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Pabonka Monastery (also known as Pabongka Hermitage) is located in the northern suburbs of Lhasa, more than three miles from Sera Monastery and on the slopes of Mount Parasol, facing Potala Palace. There is a huge boulder with an area of ​​more than 300 square meters and above the ground about 20 meters, like a giant tortoise. On top of this huge stone, there was Pabongka Hermitage, which was built by Songtsen Gampo in the seventh century. In the Tibetan language, Pabongka means "big stone palace" and "playing on the stone".

This monastery was initially one of the five meditation sites built by King Songtsen Gampo for his five consorts. Princess Wencheng once resided at Pabonka Monastery, and according to geomantic omen, she designated this place. Also there's a tradition that Dalai Lamas of all generations must go to Pabangka Palace to pay homage to the Buddha and receive precepts as well as celebrate upon obtaining the "Geshe" degree, which holds a special honor in Tibetan Buddhism.

In History

In the 7th century,  in order to successfully build the Jokhang Temple, Songtsen Gampo built a nine-story castle on the rock based on Princess Wencheng's calculations. Molten iron was poured into the gaps in the stone walls, and iron chains were used to tighten the walls on all sides to ensure their solidity. After completion, Songtsen Gampo and Princess Wencheng lived here for a short time. After Thonmi Sambhota returned from studying in India,  he secluded himself in Pabonka Monastery for three years, where he created the Tibetan script.

In the year 841 AD, the anti-Buddhist king Langdarma burned down the Pabonka Monastery, demolished 108 stupas, and destroyed all the structures. In the mid-11th century, Pabonka was restored by the disciple Zaga of Potowa Rinchen Sel, who reconstructed a two-story chapel. Subsequently, monks from the Kadam School restored the original stupas, Buddha images, and Buddha halls. During the reign of the Fifth Dalai Lama, Pabonka Monastery was repaired and expanded, and another story was added. Pabonka became a part of the Gelug (Yellow Hat) school and remains a monastery of the Gelug tradition today.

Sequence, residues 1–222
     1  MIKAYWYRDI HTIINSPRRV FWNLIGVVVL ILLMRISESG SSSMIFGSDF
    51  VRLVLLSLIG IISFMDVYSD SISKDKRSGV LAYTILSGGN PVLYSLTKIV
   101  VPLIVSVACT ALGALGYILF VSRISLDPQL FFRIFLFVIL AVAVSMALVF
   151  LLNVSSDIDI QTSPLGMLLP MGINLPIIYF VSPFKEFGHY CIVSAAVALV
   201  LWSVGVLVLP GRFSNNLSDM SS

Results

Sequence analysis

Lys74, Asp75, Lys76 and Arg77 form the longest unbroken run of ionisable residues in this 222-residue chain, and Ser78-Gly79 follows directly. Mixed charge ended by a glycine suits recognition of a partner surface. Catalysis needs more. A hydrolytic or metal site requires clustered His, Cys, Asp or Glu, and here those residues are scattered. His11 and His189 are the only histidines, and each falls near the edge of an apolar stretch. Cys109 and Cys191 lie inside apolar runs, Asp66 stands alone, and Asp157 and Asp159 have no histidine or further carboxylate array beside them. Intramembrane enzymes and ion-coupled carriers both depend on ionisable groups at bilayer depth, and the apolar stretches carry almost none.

Pabonka Monastery was damaged again during the Cultural Revolution and was gradually restored in 1980 to reshape the Buddha in the chapel, which now belongs to Sera Monastery.


It takes an hour to walk from the foot of the mountain to Pabonka. There are bushes along the way, and the view becomes wider as you go up. Pabonka still enshrines and worships the throne of King Songtsen Gampo, and the side hall behind the main hall is said to be the former residence of Princess Wencheng. Climbing up to Papangka offers a wide view of Lhasa city.

Hall of the Three Lords

As an integral part of the Pabonka Monastery, the Hall of the Three Lords is situated below the slope to the south of the massive stone. It stands three stories high, with a length of about 9 meters and a width of approximately 5 meters. Inside the hall, there are relief statues of the three ancient lords (Avalokiteshvara, Manjushri, and Vajrapani), and on the right side of the Buddhist altar, there is a statue of Thousand-Armed Avalokiteshvara.

Ten-Day Hall

Ten-Day Hall Stands two stories tall, with a length of about 10 meters and a width of 5 meters. It is named because Trisong Detsen and Padmasambhava practiced Buddhism here for ten days. There is a naturally formed relief statue of Palden Lhamo, the female protector god of Tibetan Buddhism. Inside the cave, there enshrines holy images of Padmasambhava and others.

Residence of Prince Wencheng

The yellow house behind the monastery is said to be the residence of Princess Wencheng. However, what we see so far are those that have been rebuilt in modern times. The millennia-old peach tree in front of the house was planted by Princess Wencheng herself. The slopes around the massive stone are scattered with caves where historical figures such as King Songtsen Gampo practiced.

Travel Tips

Best Time to Visit

The best time to visit Pabonka Monastery is in March and April, visitors can witness monks debating under peach blossom trees in the spring. The monastery does not require an entrance fee and is open from 9 AM to 5 PM. Debates typically take place around 3 PM but not regularly.

How to Arrive?

  1. By Car: It takes approximately half an hour to drive from downtown Lhasa to Pabonka, and the journey from Sera Monastery to Pabonka takes about 10 minutes.
  2. On Foot: Walking from Lhasa to Pabonka takes around 4 hours, while the trek from Sera Monastery to Pabonka requires about 1.5 hours on foot.

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Hike to Sera Utsé Hermitage to experience cultural charm of Tibetan Buddhism and have a panoramic view of Lhasa City.

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